of Medieval Women's Clothing
Many items of medieval clothing
are known by more than name which makes it confusing for the beginner
sewer. The basic medieval dress may be known at different periods
of time or different regions as different things. Thus,
a tunic, kirtle, kyrtle, cote or gown
may be essentially the same garment; or at other time periods,
a completely different one.
The following pages look
at the different pieces of clothing and dress accessories which
make up a medieval woman's outfit.
GOWNES & TUNICS
What the early medieval woman wore
A look at the basic 14th century medieval dress
The outer layers of clothing
The late medieval outer gown
The Burgundian gown and late medieval gowns
For the medieval mother-to-be
The medieval cloak and mantle
What they were and what they weren't
A lady's underclothes reveal'd
- CHEMISES - The
chemise, shift or smock
- BREAST COVERINGS
- Bras, support and structure
- What did they wear 'down there?'
- HOSE & GARTERS
- Leg coverings and support
What to wear to bed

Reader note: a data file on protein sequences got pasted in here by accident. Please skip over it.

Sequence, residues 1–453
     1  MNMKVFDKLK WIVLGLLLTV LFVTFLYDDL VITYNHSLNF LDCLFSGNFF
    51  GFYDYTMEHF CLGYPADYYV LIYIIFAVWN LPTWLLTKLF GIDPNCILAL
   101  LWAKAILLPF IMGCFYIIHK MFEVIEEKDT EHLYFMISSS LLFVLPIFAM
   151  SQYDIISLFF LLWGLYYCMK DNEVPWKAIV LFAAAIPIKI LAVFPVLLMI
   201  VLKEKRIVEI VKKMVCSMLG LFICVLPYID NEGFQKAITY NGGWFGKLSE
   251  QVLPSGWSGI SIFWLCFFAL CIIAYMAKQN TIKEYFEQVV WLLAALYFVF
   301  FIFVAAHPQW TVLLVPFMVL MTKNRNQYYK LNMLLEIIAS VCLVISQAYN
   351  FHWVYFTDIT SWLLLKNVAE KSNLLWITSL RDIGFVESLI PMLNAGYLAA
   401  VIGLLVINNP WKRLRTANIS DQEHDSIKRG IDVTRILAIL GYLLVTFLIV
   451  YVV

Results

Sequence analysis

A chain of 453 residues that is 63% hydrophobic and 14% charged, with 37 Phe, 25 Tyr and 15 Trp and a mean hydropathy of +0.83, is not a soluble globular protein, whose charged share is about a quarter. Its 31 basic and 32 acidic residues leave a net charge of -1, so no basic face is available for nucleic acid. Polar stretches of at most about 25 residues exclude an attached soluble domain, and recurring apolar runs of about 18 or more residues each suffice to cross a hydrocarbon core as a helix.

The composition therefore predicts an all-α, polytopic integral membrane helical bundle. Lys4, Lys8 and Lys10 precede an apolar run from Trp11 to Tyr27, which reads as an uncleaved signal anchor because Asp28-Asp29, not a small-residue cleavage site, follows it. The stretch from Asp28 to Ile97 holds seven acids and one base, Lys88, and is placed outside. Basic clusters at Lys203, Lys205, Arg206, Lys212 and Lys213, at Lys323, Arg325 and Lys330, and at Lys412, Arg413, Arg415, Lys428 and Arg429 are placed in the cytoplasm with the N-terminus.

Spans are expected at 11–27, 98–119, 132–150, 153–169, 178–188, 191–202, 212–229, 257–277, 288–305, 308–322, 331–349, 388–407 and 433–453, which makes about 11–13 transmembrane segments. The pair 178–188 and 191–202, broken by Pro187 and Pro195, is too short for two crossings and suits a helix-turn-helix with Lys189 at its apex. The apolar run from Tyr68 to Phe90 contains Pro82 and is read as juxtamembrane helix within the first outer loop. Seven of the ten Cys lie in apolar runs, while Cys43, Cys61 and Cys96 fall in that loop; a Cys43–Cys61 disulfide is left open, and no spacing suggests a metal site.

What to wear on your head.
Some information from archaeological
sewing finds on existing garments from both before and after this
time period have been included in this website. The number of
entire garments from within the 14th century is extremely limited
to fragments and state robes or ecclesiastic garments which are
not an accurate portrayal of general clothing, although excellent
as a examples of medieval workmanship.
Upwardly Mobile Example
she is Italian and my main field of interest is English, I've
chosen Margherita Datini, the wife of a wealthy merchant and a
member of the upper classes, to serve as our model medieval woman.
She is pictured at right.
She is not nobility, so her wardrobe is less than those stationed
above her, but she is a city dweller and quite well-off, so items
she owns might reasonably be owned by other women who share her
She is fashionable, but also mindful of being seen in society
as a "good" woman, so as not to tarnish her husband's
reputation or business.
Her wardrobe is listed concisely in 1339. It included 2 gowns,
11 surcotes of differing cut and fullness, and a rich overgown
of heavy silk which her husband Francesco Datini had imported
from Romania. She had six cold weather mantles, also full-cut.
This gives us an idea of the quantity of clothing a well-off townswoman
might reasonably expect to own.
What we don't see listed is her inventory of dress accessories-
fans, belts, gloves, veils and underthings. We do have some references
to some items, but not all.
Of interest also, it that
Margherite owns two gowns but many surcotes, which would have
allowed her to change her look without changing her basic dress